A little more than two years ago, the Federal Communications Commission (FCC) unveiled and adopted its Open Internet Order, which guaranteed net neutrality for internet users, but also controversially regulated the internet as an effective utility under Title II of the Telecommunications Act.

Now, it appears those rules are set to come to a quick, albeit somewhat expected, end. On April 27, at an event in Washington for two regulation-opposing groups, FCC Chairman Ajit Pai announced his plan for rolling back the Open Internet Order. Pai, an existing member on the Commission for almost the past five years, was appointed chair in January by President Donald Trump.

First and foremost, Pai looks to reclassify broadband providers under Title I as an "information service" instead of under Title II as "common carriers." That will also eliminate rules on those companies regarding the blocking and slowing down of content on the internet. Pai's FCC can’t do this immediately, but has kicked off the process by publishing a Notice of Proposed Rulemaking (NPRM) today.

That NPRM will head to a Commission vote on May 18. That looks to be a formality, with Republicans Pai and Michael O'Rielly holding a 2-1 partisan edge over the lone Democratic commissioner, Mignon Clyburn. After that vote, the proposal will have a public comment period before a possible final vote on new rules late this year.

In-depth specifics of the potential new rules aren't known yet, but Pai hinted at going back to regulatory frameworks in the recent past, promising to "reverse the mistake of Title II and return to the light-touch regulatory framework that served our nation so well during the Clinton administration, Bush administration and the first six years of the Obama administration."

Recently, Pai has floated the idea of getting internet providers to voluntarily agree to enforce net neutrality as company policy, while leaving the enforcement of open and equitable internet principles to the Federal Trade Commission.

That type of hands-off approach isn't likely to go over well with Silicon Valley companies like Netflix, Google and Facebook, who could all see their services and sites potentially slowed down by ISPs whose feet aren't held to the fire by the FCC. The voluntary approach might be less likely after Pai met with some tech execs in California during the third week of April to seek feedback about the rules changes, but the chair declined to go into specifics about what was said or agreed upon in the meetings.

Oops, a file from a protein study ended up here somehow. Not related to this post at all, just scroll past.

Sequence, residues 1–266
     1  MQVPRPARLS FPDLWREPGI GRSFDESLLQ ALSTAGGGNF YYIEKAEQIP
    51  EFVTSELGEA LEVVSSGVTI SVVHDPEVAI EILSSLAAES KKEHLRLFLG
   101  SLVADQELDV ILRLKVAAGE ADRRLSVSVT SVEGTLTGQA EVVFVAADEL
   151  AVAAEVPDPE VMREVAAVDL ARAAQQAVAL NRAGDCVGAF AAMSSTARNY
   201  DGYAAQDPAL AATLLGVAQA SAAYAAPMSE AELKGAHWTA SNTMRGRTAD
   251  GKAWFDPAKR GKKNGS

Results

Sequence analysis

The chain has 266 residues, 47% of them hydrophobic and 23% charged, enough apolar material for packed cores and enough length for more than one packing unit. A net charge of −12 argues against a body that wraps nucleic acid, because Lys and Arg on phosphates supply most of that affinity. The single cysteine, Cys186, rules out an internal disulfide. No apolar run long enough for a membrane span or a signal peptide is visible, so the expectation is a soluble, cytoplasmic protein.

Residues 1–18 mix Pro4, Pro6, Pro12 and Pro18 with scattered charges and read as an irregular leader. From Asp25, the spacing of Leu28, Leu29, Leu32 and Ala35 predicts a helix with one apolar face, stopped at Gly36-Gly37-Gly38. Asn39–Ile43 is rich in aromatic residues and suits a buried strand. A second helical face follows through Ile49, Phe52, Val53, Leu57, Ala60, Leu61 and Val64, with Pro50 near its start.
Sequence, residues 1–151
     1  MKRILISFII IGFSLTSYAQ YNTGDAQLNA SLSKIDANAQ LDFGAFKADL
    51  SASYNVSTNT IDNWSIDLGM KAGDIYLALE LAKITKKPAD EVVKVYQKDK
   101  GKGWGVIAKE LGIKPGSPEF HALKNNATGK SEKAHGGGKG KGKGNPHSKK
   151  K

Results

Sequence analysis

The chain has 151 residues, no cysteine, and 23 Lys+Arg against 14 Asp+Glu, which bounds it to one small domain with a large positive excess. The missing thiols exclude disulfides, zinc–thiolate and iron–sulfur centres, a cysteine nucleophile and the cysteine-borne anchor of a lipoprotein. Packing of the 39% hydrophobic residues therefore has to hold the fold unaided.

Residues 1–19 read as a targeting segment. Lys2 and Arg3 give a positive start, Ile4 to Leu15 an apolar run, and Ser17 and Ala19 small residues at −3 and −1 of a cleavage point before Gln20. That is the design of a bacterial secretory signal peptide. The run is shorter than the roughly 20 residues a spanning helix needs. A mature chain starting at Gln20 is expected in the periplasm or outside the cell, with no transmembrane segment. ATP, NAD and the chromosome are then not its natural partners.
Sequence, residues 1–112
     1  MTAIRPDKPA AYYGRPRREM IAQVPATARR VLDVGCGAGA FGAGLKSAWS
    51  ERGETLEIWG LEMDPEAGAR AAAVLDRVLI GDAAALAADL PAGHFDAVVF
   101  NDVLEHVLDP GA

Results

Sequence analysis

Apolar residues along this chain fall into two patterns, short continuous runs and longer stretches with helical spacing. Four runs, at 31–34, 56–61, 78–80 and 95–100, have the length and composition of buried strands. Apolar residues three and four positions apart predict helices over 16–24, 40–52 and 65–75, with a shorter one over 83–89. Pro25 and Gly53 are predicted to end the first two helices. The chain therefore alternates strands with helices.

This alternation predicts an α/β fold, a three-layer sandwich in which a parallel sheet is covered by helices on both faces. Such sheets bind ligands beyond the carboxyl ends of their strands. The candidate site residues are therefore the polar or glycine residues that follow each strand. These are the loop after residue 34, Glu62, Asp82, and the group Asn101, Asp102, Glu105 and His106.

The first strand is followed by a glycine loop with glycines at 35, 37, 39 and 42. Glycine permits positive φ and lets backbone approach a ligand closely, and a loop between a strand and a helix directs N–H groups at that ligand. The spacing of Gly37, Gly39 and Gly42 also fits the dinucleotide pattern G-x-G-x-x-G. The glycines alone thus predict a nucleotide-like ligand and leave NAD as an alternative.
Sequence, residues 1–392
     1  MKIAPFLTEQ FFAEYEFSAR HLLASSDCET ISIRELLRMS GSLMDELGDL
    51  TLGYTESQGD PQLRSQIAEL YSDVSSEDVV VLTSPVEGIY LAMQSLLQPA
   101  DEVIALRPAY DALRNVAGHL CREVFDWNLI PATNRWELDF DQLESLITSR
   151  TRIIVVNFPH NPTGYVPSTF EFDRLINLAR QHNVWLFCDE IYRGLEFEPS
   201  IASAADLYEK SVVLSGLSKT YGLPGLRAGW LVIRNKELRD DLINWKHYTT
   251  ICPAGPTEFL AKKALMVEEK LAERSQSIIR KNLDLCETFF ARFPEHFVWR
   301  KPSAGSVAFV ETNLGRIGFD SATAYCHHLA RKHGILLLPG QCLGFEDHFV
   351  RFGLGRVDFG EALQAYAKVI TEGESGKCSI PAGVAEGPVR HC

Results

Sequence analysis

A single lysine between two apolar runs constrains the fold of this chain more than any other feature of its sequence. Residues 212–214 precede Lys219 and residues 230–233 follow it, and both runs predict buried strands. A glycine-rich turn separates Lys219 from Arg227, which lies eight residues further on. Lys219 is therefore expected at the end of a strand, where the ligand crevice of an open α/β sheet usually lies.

One thing that is certain is that the net neutrality rollback will be fought tooth and nail by some politicians and consumer advocacy groups. Before Pai's speech Wednesday, three U.S. senators and representatives from groups such as Free Press held a news conference condemning the reversal of what they see as necessary and productive regulation on the country's dominant ISPs.

A chief argument of Pai's to reverse Title II regulation is that it's preventing broadband investment to the tune of $5.1 billion. However, one of the senators at the news conference speaking out in favor of current regs, Massachusetts Democrat Ed Markey, pointed to census statistics that say investment in the sector was actually up from 2014 to 2015, the year the Title II decision was made and went into effect.

Pai's speech gave several mentions to smaller, regional ISPs' plans for growth and investment that he says have been stifled by Title II. Yet the 2015 regulations exempted ISPs under 100,000 customers from net neutrality privacy regulations, and that number has since been increased to under 250,000 customers.

Pai's announcement is the latest chapter in what feels like a never-ending net neutrality saga, dating back to the Clinton administration. However, Pai's promise to roll back the current FCC rules has its direct roots in the 2010 Open Internet Order under then-chair Julius Genachowski.

That order marked the first time the FCC had officially regulated net neutrality and thus set off legal appeals, which culminated in a federal appeals court striking down the net neutrality rules in 2014 after a challenge from Verizon. However, that ruling held that the FCC was under its authority to regulate broadband internet, just not in the manner in which Genachowski's commission acted.

Pai's predecessor, Tom Wheeler, was behind two high-profile FCC actions related to net neutrality, the first of which was a proposal that seemed to contradict the entire principle of net neutrality by leaving open the possibility of "fast lanes," or paid priority access to certain services or internet providers. That proposal attracted a whopping 4 million comments on the Commission's website in the run-up to the 2015 Open Internet Order.